Let's imagine I invited 12 people over for dinner. For this particular dinner, each plate is filled and sat on the table before the guests arrive. As time goes by, all of the guests show up except for dinner guests #1 through #3. After about 20 minutes, dinner guest #4 asks if he can eat the food sitting on dinner guest #1's plate.
Another 20 minutes goes by and dinner guest #4 asks if he can eat the food sitting on dinner guest #2's plate.
Another 20 minutes goes by and dinner guest #4 asks if he can eat the food sitting on dinner guest #3's plate.
The above scenario is similar to what happens when a state has a throwback rule and another state doesn't tax the company. Dinner guest #4 represents the state with the throwback rule. Dinner guests #1 through #3 represent states that don't tax the company. As a result, the state with the throwback rule wants what is left or what isn't taxed by the other states, regardless of the fact that the food (or sales) was not meant for dinner guest #4.
The Council on State Taxation (COST) recently commented on a bill in Indiana that would repeal the state's throwback rule. COST has a formal policy statement on throwback rule provisions that asserts throwback laws seek to require companies to pay tax in one state on income that another state has chosen not to tax or is legally unable to tax. According to COST, a company's tax liability in one state should not be measured by its tax in another state. Throwback rules discourage investment in a state. Consequently, such rules must not be adopted and be repealed.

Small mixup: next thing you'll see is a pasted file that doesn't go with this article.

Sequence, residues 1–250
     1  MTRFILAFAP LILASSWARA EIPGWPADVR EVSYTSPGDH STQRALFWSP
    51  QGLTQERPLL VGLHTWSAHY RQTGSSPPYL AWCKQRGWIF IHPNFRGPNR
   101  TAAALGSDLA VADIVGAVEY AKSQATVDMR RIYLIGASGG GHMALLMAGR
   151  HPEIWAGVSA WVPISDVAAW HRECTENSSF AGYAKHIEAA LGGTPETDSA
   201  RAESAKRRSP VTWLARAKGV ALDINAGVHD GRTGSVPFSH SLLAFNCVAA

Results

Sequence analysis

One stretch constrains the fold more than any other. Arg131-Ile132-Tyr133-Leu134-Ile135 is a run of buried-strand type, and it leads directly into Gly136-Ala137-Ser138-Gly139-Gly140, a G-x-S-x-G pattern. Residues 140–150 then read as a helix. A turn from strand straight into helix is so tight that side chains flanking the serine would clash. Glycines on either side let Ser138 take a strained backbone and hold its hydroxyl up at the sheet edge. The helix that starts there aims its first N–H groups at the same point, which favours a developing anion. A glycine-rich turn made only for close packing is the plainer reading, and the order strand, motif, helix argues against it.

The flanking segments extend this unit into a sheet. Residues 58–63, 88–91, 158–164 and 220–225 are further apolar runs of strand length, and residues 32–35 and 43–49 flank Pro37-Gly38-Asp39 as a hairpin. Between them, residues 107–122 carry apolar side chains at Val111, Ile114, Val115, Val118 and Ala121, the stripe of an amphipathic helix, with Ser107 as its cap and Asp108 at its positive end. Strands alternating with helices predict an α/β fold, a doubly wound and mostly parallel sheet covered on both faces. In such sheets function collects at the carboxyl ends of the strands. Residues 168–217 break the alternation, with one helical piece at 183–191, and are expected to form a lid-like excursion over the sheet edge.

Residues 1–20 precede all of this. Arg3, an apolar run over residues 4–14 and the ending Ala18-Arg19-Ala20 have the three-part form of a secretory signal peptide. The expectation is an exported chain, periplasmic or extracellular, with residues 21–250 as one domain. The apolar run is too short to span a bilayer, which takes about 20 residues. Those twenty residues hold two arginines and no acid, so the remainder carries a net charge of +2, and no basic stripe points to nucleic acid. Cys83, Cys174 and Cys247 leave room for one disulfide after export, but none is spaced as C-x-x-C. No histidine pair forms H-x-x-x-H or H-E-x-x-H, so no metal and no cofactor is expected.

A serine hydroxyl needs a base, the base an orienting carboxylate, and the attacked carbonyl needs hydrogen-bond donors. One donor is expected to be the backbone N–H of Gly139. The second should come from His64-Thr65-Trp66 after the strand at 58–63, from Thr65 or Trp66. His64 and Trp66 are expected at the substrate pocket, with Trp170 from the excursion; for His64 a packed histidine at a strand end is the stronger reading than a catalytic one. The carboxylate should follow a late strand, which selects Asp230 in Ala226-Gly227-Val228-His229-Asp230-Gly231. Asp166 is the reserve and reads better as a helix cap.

I agree with COST's position. A company's liability in one state should be measured by the company's activity in that state. A state should not be able to tax a company on activity that does not occur in that state simply because the other state chooses to not tax the company or doesn't have the legal authority to tax the company.
As COST's policy statement mentions, repealing throwback laws will remove the constant discrepancies and arguments related to determining when a taxpayer is 'taxable in another state.' Throwback laws generally allow a taxpayer to not throwback sales as long as the taxpayer can prove that it is 'taxable in the other state.' Unfortunately, states have different thresholds and definitions for what it means to be 'taxable in another state' causing unnecessary confusion and controversy.
What do you think? Should dinner guest #4 get to eat other guests' food?